Mirimichi is a Native American word for “place of happy retreat.” The challenging, expansive layout may cause you to have occasional moments of angst, but if you love playing the game in a park-like setting, you’ll be hard pressed to be unhappy for very long.
It's no secret that Mirimichi's owner, entertainer Justin Timberlake, loves golf. The 5-handicapper, who grew up nearby, purchased the run down golf course property (formerly known as Big Creek) in 2007 to save it from residential development. The course had sentimental value -- Timberlake's mother and stepfather, Lynn and Paul Harless, had their wedding reception at Big Creek in 1986, and Harless taught him to play there when he was just 5.
Timberlake hired relatively unheralded architect Bill Bergin (Auburn University Club) to oversee the redesign with the central theme of being environmentally conscious. The renovated course opened for play in 2008, and no expense was spared.
Mirimichi is the first course ever to receive Audubon Classic certification. And awards like the 2011 Tennessee Governor’s Environmental Stewardship Award are likely to keep coming. On the course you notice things like recycle bins placed proudly next to refuse receptacles. (That’s green!) But the “behind the scenes” areas of conservation are the most important. A rainwater-capturing drainage system allows Mirimichi to use less water to keep the course green, and native areas on the course mean there is less to water and mow. The lakes on the course are interconnected by streams, and they have also installed a biodegradable rinse water treatment system.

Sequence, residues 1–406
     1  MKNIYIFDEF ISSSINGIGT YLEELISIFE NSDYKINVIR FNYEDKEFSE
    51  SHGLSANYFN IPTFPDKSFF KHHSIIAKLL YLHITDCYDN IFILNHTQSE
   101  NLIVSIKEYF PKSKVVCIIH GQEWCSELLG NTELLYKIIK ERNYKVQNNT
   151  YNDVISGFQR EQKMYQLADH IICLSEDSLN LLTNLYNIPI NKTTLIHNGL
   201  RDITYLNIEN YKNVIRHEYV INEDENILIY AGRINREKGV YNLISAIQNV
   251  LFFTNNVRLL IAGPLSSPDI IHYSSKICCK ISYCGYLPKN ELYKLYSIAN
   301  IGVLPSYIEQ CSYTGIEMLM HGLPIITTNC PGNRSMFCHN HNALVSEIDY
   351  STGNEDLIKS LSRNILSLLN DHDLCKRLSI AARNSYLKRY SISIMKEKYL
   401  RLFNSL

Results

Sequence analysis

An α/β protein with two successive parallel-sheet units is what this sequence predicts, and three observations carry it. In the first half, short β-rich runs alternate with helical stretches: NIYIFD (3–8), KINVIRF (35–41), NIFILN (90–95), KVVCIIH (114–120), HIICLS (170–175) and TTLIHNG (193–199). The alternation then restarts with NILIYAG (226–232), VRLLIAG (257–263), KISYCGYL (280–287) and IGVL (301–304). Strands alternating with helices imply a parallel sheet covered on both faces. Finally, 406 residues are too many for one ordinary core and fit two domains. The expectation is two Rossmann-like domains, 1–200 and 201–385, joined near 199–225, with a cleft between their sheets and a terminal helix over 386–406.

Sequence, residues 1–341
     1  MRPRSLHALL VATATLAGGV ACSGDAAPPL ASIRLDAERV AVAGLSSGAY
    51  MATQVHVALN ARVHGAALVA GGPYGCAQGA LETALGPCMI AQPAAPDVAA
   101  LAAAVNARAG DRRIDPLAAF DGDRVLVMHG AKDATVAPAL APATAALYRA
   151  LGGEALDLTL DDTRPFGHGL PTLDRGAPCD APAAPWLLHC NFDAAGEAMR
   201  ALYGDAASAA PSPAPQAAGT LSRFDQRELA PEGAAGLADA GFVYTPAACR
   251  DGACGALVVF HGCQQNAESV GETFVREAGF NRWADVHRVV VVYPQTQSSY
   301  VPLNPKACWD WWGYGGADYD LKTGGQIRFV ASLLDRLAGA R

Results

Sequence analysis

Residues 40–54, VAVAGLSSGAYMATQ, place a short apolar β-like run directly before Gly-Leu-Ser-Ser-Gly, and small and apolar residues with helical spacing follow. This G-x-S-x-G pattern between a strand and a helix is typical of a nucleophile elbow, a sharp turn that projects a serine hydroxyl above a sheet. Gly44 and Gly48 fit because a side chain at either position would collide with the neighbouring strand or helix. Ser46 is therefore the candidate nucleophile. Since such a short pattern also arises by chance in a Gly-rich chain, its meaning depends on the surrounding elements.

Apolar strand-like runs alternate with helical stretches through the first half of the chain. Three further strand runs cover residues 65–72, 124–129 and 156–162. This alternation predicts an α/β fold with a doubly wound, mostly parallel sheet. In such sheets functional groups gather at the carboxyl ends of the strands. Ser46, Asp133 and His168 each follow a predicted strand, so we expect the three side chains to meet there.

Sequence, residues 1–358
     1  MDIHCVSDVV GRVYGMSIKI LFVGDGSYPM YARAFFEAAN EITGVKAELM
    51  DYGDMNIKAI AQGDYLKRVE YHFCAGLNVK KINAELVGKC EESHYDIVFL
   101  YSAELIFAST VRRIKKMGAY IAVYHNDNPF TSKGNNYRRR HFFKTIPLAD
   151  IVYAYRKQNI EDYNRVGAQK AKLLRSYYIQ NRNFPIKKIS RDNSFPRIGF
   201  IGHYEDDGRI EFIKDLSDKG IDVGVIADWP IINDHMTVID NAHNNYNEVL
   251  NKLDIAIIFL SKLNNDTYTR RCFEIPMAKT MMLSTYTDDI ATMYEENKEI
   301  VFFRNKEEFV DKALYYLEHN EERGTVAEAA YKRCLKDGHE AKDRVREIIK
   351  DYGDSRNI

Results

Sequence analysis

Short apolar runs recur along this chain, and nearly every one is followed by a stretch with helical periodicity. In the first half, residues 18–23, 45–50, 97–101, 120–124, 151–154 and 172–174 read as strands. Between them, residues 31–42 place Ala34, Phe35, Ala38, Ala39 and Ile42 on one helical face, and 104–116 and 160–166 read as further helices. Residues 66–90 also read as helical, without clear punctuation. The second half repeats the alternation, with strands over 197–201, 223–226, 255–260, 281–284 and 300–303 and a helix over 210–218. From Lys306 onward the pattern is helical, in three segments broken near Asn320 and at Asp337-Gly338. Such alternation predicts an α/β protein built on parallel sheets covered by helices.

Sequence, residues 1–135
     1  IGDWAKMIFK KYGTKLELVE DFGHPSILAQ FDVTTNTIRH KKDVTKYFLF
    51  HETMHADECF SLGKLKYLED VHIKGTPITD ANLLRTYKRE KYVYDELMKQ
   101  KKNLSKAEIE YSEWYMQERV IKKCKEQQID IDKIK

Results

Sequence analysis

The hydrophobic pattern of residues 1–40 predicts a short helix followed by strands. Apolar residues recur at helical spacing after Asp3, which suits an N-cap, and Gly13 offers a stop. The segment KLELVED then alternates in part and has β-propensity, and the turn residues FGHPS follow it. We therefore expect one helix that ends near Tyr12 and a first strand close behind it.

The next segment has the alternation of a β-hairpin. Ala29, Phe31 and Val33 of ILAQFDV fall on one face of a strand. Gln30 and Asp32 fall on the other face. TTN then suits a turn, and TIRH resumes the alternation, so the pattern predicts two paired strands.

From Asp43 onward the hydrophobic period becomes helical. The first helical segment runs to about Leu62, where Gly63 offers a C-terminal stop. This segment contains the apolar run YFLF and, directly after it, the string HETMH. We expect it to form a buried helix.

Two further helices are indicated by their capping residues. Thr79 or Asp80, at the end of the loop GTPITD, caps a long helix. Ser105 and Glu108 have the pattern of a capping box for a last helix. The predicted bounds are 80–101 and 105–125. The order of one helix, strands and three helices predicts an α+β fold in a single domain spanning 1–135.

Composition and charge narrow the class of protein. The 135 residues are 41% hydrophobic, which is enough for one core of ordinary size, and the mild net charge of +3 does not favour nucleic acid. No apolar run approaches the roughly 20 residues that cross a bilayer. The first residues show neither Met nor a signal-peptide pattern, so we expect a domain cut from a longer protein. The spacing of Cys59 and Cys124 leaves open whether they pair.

But what about the golf?
Conditioning isn’t sacrificed for all this conservation. Beautiful teeing grounds, pure fairways, and huge greens -- that can run north of 13 on the stimp meter -- are contrasted with gorgeous white sand bunkers. Par is a good score on any hole of this well-treed layout, which offers as much variety as the kind of on-screen roles played by its owner. Not all of the water (either off the tee or near the green) is visible from the tee or fairway, so local knowledge comes into play here a bit more than at most courses. (I only had a chance to play Mirimichi once, and know I can knock several strokes off my score next time by playing smarter.)
The opener is a shortish par four with one of the course’s several lakes complicating things, especially if the pin is place on the left side of the green. One of my favorite holes, the 7th, tempts you to take on the bunkers separating the split fairway. Place your drive correctly, and it turns into a birdie hole. On the 10th, a forested area on the left side of the fairway makes the hole look tighter than it is. The really interesting part of this hole is the 120 yard deep green, with a brook running up the right side. I’ve never seen anything quite like it.
The clubhouse has an indoor fitting center, and the practice and short game areas are complimented by a 9-hole short course called “Little Mirimichi.” The 1st and 10th tees require a short drive or walk (yes, the course is very walkable) from the clubhouse. Above those tees, with a panoramic view of the course, is a patio, pergola, and grill area that you should definitely plan on enjoying if you visit.
After all, Mirimichi wasn’t meant to be an “play quick and leave” kind of course. It’s a place to spend a day, relax, practice, play an “emergency nine,” take a lesson, or all of the above. It won’t break your bank, and it’s conveniently located near Memphis.